Reform makes little impact on university-sponsored health care

April 9, 2010 by Shannon Ostrowsky NMSU Round Up

As some democratic leaders celebrate the approval of the biggest health care reform in American history, the question of how it will affect college students still comes to mind.

The $940 billion bill, passed on March 21, will expand health care coverage to 32 million uninsured Americans, and those who do not purchase health insurance in 2014 will face a $695 annual fine.

The bill won’t take full effect until 2014, so it is too early to tell how it will impact college students, New Mexico State University health officials said.

The American College Health Association released an update on the actions they will take with the new health reform in place.

The update states the ACHA and other partner associations are actively monitoring, analyzing and advocating on behalf of the collective interests of students and college health.

Efforts will be made to preserve the ability for colleges and universities to continue to provide students access to quality, university-sponsored health plans, according to the update.

Students who attend universities with health centers will always have that option for their health care, and NMSU has fairly broad services available to students, said Dr. Benjamin Diven, NMSU medical director.

Students also can access health insurance by remaining on their parents’ health plan, a provision the new health care law addresses.

According to the Patient Protection and Affordable Healthcare Act, dependent children must be allowed to remain on their parents’ health care plan until the age of 26, effective September 2010.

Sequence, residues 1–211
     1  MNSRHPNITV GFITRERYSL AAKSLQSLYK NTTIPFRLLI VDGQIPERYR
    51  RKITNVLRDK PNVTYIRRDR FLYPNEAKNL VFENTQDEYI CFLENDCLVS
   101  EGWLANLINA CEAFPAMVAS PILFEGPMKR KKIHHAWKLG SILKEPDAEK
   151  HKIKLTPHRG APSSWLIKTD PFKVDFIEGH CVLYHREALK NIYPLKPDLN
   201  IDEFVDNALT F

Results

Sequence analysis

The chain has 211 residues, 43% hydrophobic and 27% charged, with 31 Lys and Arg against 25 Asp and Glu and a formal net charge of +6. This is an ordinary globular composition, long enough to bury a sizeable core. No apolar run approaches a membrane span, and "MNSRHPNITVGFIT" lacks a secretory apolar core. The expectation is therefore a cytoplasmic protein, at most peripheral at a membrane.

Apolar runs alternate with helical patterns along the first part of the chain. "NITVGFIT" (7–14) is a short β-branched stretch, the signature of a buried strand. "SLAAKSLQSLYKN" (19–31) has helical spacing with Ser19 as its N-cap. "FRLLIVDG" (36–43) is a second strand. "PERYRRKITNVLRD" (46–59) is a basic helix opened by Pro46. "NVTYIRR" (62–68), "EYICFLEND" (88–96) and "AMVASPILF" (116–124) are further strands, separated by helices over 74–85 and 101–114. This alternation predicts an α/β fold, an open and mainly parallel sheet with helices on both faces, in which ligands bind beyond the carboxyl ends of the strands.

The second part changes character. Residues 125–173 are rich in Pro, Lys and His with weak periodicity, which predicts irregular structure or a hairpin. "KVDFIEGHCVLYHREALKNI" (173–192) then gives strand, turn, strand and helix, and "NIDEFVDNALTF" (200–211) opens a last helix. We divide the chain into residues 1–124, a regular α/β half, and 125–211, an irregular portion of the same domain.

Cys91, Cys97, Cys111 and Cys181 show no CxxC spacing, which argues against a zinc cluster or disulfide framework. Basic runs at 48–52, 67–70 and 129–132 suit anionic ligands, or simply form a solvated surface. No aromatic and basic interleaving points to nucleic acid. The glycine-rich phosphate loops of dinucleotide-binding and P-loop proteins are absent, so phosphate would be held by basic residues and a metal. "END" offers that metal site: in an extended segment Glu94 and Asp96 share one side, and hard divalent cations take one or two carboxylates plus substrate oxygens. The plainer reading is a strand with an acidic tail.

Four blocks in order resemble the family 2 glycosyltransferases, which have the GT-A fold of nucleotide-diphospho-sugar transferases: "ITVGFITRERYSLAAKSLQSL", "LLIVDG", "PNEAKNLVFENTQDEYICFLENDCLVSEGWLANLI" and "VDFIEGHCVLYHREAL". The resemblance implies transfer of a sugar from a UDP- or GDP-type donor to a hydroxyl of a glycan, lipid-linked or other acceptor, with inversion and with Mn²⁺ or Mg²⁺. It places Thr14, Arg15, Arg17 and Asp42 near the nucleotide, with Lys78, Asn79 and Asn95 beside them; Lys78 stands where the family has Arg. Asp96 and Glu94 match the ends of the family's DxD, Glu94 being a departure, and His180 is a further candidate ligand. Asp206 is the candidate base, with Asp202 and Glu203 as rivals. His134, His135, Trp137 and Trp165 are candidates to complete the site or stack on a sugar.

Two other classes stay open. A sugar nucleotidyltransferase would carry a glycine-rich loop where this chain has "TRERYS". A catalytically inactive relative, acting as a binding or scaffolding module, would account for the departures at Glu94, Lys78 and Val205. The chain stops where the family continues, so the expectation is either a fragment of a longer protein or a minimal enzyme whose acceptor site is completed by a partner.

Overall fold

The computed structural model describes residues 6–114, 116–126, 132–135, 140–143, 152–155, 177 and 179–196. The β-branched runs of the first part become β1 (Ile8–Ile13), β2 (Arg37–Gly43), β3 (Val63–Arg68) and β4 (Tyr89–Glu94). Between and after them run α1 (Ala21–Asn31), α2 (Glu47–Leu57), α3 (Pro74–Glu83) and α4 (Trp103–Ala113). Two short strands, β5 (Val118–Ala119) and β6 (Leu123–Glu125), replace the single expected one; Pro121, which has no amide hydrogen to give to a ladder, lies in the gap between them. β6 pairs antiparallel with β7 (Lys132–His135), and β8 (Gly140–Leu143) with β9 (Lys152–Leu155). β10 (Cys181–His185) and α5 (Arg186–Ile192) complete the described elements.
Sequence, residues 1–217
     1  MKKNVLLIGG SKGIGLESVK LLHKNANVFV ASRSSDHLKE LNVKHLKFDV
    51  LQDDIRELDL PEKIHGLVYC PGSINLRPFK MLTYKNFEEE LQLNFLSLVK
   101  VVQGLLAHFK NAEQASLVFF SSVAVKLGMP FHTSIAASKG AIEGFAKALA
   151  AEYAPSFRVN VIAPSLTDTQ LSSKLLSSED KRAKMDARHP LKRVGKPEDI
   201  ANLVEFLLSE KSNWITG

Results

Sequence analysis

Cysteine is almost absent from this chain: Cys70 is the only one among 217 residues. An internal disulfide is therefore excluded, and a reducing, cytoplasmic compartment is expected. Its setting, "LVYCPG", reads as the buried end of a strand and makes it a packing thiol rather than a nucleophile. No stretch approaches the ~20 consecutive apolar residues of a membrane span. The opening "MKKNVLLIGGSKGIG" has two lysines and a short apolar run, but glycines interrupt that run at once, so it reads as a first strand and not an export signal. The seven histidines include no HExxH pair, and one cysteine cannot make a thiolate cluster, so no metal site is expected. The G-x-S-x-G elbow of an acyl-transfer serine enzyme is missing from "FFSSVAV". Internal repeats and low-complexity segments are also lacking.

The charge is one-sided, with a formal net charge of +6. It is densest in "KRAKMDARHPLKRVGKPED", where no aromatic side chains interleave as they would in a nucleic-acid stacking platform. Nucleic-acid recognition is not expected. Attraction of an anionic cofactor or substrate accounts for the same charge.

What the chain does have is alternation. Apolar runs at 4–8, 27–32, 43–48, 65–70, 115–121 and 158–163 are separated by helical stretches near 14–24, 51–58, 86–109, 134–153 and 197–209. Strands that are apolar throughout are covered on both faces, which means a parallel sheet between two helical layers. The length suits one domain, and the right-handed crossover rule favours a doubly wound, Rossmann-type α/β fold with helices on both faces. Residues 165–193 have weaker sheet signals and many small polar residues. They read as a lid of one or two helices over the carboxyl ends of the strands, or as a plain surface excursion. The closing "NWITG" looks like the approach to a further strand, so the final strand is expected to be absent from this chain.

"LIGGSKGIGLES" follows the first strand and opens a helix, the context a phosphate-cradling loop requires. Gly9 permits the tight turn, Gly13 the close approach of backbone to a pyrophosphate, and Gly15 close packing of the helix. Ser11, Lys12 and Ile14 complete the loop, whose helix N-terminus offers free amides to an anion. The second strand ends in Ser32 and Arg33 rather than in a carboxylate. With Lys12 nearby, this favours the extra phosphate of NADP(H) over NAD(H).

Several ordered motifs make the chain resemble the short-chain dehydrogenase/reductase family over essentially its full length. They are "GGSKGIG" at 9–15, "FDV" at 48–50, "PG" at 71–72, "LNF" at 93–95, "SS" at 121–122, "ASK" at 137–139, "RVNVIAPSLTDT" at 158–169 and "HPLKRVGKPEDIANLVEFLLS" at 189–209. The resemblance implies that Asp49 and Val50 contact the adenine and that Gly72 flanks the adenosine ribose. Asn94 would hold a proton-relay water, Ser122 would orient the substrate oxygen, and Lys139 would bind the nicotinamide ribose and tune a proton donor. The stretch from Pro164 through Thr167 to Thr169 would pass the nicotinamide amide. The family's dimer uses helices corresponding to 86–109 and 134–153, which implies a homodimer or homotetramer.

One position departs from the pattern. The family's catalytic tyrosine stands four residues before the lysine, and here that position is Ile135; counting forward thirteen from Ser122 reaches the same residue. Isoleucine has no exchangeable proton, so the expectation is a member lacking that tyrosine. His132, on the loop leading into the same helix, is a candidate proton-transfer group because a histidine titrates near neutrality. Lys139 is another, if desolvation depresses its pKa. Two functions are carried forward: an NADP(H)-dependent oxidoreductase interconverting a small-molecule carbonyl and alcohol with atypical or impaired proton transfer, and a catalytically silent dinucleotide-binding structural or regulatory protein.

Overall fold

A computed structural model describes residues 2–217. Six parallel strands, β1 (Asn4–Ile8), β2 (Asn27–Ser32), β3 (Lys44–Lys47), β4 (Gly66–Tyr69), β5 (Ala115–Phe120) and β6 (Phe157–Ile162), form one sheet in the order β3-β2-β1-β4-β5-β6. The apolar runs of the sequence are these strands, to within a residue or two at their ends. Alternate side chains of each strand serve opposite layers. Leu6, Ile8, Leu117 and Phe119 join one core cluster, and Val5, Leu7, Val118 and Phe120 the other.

For students who are not working or covered by their parents, the Consolidated Omnibus Budget Reconciliation Act also is available, according to the U.S. Department of Labor Web site.

COBRA, an option for those who have been laid-off, requires companies with 20 or more employees to pay for an extension on health insurance coverage for at least 18 months.

According to the Web site, qualified individuals, however, may be required to pay the entire premium for coverage up to 102 percent of the cost to the plan, which can be costly.

Not only does the passed bill affect health care coverage, but also it addresses education and financial aid.

“With this bill and other steps we pursued over the last year, we are finally taking meaningful reform in our higher education system,” President Barack Obama said in a news report.

One of these steps, according to the report, eliminates banks as the middleman when receiving student loans, which under the new law, will come from the U.S. Department of Education. The changes to the college loan program aim to help students and parents afford higher education.

The changes will not be enforced for another few years.

Brian Neff, NMSU sophomore, said he does not believe the bill will affect current NMSU students, but is “pretty irate” the House passed the bill.

“Our demographic is, on average, pretty healthy, but I think it will come back to bite us when our taxes go up later to account for more deficit spending,” Neff said.

Shannon Ostrowsky is a staff writer and can be contacted at trunews@nmsu.edu.


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